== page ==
HBase has made inroads in companies across many industries and countries
[A version of this post appears on the O’Reilly Data blog.]
With HBaseCon right around the corner, I wanted to take stock of one of the more popular1 components in the Hadoop ecosystem. Over the last few years, many more companies have come to rely on HBase to run key products and services. The conference will showcase a wide variety of such examples, and highlight some of the new features that HBase developers have added over the past year. In the meantime here are some things2 you may not have known about HBase:
Many companies have had HBase in production for 3+ years: Large technology companies including Trend Micro, EBay, Yahoo! and Facebook, and analytics companies RocketFuel and Flurry depend on HBase for many mission-critical services.
There are many use cases beyond advertising: Examples include communications (Facebook messages, Xiaomi), security (Trend Micro), measurement (Nielsen), enterprise collaboration (Jive Software), digital media (OCLC), DNA matching (Ancestry.com), and machine data analysis (Box.com). In particular Nielsen uses HBase to track media consumption patterns and trends, mobile handset company Xiaomi uses Hbase for messaging and other consumer mobile services, and OCLC runs the world’s largest online database of library resources on HBase.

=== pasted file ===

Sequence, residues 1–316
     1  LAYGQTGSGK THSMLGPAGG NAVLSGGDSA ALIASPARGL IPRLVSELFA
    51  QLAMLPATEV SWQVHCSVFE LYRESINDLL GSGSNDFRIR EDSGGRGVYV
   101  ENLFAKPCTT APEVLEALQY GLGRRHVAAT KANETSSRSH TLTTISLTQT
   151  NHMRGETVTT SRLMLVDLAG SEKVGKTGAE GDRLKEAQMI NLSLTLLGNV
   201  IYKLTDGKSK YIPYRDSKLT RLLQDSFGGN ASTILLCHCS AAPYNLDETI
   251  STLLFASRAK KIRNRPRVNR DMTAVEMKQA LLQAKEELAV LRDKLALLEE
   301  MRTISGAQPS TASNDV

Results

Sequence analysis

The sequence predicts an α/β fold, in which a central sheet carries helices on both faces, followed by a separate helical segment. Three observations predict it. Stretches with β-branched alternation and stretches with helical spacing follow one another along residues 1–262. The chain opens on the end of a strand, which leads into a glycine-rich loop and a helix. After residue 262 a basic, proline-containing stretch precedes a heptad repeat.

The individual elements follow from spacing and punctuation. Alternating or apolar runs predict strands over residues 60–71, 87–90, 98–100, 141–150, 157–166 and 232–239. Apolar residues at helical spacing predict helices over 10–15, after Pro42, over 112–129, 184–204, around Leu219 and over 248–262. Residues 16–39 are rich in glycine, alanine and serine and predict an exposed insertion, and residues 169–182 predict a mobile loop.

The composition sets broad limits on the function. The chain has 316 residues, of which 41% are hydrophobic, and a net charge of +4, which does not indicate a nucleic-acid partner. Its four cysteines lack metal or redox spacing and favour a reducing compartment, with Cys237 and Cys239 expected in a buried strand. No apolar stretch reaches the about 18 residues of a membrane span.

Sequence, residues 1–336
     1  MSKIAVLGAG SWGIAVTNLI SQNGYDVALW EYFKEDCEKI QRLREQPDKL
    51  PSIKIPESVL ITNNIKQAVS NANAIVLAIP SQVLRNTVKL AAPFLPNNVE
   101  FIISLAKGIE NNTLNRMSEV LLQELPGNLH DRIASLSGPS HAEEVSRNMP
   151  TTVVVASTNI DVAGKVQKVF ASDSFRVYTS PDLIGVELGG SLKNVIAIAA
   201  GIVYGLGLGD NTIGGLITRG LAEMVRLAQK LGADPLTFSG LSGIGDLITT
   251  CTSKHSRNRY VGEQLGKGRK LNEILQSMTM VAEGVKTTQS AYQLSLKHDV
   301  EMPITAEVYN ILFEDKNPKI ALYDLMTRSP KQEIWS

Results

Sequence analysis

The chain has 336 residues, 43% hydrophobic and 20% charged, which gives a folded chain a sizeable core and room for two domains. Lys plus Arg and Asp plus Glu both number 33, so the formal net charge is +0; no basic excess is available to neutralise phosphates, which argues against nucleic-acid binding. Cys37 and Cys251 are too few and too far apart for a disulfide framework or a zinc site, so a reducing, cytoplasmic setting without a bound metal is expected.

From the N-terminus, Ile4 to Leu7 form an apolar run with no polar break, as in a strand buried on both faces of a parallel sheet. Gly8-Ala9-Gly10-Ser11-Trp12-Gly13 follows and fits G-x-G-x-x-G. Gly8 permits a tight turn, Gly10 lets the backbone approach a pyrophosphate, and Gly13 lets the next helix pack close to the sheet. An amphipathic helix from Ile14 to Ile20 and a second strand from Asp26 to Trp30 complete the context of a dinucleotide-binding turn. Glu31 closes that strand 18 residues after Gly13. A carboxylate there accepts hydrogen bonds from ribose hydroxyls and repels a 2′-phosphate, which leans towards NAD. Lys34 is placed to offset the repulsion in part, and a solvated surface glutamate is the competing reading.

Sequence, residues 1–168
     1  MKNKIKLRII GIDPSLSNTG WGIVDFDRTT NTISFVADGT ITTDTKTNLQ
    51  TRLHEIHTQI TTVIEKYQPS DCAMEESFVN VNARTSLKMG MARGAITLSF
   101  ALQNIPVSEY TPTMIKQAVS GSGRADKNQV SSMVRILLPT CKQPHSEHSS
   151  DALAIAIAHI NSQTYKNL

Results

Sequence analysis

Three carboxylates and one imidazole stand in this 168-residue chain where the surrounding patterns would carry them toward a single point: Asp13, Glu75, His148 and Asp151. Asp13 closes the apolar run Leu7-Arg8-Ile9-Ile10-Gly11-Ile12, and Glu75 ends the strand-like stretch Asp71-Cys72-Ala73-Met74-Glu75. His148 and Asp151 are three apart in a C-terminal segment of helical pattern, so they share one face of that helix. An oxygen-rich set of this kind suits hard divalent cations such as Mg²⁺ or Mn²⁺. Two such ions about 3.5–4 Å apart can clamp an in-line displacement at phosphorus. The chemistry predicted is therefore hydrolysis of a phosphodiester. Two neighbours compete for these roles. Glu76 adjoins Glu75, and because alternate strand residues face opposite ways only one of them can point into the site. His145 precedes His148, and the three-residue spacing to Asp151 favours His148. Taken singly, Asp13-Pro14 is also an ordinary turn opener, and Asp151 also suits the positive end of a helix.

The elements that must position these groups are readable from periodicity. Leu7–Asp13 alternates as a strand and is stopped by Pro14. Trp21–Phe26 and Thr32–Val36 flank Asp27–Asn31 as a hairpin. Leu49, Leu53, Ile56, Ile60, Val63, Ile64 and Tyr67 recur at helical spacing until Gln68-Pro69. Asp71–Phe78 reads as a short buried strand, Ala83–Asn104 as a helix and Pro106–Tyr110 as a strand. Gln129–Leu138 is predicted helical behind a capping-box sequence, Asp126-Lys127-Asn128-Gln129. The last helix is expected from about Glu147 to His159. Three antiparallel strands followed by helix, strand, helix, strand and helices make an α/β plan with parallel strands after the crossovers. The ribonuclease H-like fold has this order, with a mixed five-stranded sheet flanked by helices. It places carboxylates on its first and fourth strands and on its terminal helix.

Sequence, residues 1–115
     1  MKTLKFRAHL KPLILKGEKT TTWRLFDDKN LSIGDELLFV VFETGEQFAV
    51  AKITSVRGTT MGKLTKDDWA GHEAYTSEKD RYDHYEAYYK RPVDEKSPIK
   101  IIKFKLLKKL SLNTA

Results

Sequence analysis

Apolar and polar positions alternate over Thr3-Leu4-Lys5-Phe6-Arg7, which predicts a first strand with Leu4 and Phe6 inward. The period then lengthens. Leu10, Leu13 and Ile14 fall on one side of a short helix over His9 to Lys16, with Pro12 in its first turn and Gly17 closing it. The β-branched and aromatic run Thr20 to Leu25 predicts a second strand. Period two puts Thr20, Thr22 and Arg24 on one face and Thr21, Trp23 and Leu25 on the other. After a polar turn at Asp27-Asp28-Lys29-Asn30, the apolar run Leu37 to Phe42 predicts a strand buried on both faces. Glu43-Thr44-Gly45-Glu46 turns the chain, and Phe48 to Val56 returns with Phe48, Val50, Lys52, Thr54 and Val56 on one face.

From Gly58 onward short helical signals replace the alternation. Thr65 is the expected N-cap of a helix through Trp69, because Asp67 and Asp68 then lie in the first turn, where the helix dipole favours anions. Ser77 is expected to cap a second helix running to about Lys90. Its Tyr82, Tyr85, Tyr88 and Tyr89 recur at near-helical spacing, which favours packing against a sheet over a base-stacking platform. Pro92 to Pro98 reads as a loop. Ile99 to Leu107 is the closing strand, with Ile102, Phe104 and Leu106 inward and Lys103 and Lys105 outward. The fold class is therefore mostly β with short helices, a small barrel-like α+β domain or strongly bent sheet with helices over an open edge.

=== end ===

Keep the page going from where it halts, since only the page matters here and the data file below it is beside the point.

Flurry has the largest contiguous HBase cluster: Mobile analytics company Flurry has an HBase cluster with 1,200 nodes (replicating into another 1,200 node cluster). Flurry is planning to significantly expand their large HBase cluster in the near future.
Cell-level security: Many databases implement security by imposing access control at the column or row level. Intel developers have contributed several features that implement security at the cell level. This brings HBase closer to Apache Accumulo, a project that originated out of the NSA. But note that compared to Accumulo, where cell-level security was built-in from the outset, this is still a relatively new feature (having just been introduced to HBase in late 2013).
HBase has a diverse and vibrant community: No single company controls HBase – in fact, HBaseCon’s program committee draws from many companies, not just (conference organizer) Cloudera. It’s also worth noting that HBase has made inroads in companies across many countries. For example Chinese companies Huawei, Taobao, and Xiaomi all employ HBase committers.
HBaseCon is one my favorite events, the sessions are a great mix of deep dives, use cases, and introductory material. The two times I’ve attended, I found the energy to be great and the atmosphere very relaxed. One of the highlights of this year’s conference is a keynote presentation by Google’s BigTable team. BigTable was the inspiration for HBase, Accumulo, and many other databases. HBaseCon attendees are in for another great event.